Pet Owners Rush to Vaccinate for Rabies Before Inspections

Veterinarian James Green walked from car to car on Wednesday, pulling a new syringe from his lab coat with each cat or dog he encountered.

Within 90 minutes, he had given rabies vaccinations to 126 dogs and cats at a field clinic held in the parking lot of Alabaster’s Buck Creek Park.

Green was not surprised by the high turnout, he said. In recent days, he has vaccinated almost 600 animals at such clinics around the county.

Shelby County’s rabies officer, Becky Senicz, has initiated a door-to-door verification program beginning next week to ensure pet owners are getting their cats and dogs vaccinated. Those who haven’t will face fines and legal proceedings.

But Green, who has been contracted to conduct the verification program, said he wants people to get their pets vaccinated before the program begins. Through his company, Rabies Control, Green is holding clinics throughout Shelby County in preparation.

“Today has been a great day for rabies vaccinations,” he said Wednesday.

His clinics offer the vaccine for $9 per animal, with no additional fees. Two remain before the program begins, he said: one scheduled from noon to 2 p.m. today at the Shelby County Humane Society in Columbiana, and one scheduled from 10 to 11 a.m. Friday at Our Lady of the Valley Catholic Church on Alabama 119.

Becky Upton, the owner of two Shih Tzu dogs, took advantage of Wednesday’s clinic near her neighborhood.

“It would have been nice if it was a little more organized, but this is a great service,” she said.

While a few pet owners grumbled about the wait, many were appreciative of the price. Alabaster resident Dana Williams said she could not afford a traditional visit to the veterinarian’s office for 9-year-old Julie, a terrier and Pekingese mix.

She waited in her minivan Wednesday for Green to stop by with the shot. He encouraged pet owners at the clinic to keep their dogs and cats in their cars to cut down on confusion.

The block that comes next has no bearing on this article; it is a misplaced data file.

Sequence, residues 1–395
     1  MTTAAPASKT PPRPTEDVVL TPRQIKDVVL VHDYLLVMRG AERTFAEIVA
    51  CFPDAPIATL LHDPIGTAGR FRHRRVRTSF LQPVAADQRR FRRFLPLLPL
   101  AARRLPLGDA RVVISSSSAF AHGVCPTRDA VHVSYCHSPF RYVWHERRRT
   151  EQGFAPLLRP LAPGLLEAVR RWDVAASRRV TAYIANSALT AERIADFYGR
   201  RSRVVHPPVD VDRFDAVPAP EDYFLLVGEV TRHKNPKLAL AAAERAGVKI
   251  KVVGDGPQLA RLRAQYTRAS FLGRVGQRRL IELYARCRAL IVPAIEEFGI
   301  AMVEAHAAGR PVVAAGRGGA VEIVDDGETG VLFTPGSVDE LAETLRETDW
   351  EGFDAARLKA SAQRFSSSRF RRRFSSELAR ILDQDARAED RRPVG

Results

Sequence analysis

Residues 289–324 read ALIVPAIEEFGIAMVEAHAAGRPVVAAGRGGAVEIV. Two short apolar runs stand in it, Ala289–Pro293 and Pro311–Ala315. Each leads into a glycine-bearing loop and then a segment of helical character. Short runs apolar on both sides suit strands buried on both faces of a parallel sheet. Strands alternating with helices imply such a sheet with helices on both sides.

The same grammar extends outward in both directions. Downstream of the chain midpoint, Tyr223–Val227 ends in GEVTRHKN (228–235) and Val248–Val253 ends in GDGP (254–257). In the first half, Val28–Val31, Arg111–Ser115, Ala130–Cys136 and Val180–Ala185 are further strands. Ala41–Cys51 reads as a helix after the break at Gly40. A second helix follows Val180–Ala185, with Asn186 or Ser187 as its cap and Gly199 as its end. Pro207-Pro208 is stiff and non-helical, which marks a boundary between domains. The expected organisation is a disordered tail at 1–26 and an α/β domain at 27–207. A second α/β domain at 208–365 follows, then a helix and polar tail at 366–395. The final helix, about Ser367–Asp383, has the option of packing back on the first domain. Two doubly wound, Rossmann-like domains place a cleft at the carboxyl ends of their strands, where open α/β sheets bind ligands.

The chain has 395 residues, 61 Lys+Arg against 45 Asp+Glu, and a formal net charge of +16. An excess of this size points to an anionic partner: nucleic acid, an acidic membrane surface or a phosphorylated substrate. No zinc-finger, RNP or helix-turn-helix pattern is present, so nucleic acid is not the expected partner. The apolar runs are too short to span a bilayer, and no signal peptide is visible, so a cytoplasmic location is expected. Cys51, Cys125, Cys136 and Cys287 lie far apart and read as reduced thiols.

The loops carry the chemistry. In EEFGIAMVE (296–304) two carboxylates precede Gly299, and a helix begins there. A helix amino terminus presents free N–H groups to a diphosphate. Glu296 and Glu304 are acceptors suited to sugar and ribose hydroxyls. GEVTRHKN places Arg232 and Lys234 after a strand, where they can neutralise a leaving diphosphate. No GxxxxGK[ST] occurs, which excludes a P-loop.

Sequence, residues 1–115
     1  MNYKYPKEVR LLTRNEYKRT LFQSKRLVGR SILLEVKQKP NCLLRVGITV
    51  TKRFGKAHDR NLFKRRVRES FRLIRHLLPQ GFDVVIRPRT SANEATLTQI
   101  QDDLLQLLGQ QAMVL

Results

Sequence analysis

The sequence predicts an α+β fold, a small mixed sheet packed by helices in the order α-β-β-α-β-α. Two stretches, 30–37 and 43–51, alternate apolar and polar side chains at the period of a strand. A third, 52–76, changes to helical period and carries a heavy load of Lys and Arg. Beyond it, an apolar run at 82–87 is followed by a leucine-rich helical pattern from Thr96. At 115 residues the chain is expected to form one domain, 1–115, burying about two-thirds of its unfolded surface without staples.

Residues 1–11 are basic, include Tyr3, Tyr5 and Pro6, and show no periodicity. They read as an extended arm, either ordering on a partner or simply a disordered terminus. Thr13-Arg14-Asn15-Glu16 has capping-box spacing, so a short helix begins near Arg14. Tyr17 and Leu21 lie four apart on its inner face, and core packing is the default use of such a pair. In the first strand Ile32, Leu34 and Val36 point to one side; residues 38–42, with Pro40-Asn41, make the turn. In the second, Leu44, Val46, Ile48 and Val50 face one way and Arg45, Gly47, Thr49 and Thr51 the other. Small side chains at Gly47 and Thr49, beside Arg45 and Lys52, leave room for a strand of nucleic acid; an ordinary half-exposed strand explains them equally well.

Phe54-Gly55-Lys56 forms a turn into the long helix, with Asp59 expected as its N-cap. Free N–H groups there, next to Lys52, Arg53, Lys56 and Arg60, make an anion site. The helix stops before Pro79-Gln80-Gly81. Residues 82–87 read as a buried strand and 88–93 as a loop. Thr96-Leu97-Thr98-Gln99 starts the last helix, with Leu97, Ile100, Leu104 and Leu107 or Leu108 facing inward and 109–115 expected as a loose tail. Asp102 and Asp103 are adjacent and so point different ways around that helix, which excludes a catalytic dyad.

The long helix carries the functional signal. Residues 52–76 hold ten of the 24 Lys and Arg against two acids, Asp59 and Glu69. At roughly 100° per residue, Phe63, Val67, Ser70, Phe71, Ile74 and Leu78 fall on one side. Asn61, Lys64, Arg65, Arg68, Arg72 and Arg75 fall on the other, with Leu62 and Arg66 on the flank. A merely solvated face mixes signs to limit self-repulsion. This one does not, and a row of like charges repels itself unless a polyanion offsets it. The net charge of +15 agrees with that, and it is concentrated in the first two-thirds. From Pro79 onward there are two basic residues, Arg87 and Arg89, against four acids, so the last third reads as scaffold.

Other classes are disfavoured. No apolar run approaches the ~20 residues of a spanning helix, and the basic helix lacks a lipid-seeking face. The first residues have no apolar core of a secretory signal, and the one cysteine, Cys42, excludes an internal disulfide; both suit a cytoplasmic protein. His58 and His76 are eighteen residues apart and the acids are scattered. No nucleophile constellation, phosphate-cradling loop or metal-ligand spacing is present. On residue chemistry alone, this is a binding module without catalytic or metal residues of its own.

“I guess it doesn’t really bother me they are doing this,” Williams said about the verification program. “You should have your pet vaccinated. Rabies is a dangerous disease.”

State law allows Senicz, appointed by the Alabama Department of Health, to decide whether a verification program is needed in Shelby County. With five confirmed rabies cases in the county in 2004 – two bats and three raccoons – she thought it was time to go door to door.

Pet owners face fines of $18 per animal, with a maximum of two fines per household, if they cannot produce proper verification of rabies vaccinations for cats and dogs. If owners still do not comply after being notified they are violating state law, that $18 can jump to hundreds of dollars in court costs.

This will be the first time since 1992 that a Shelby County rabies officer has conducted door-to-door verifications.

Green’s company will conduct the verification program and keep any fines collected as payment. He has not mapped out a schedule of home visits but said the program will begin next week, take several months and include every house and neighborhood in the county.

More information is available from Rabies Control at 800-874-2910.



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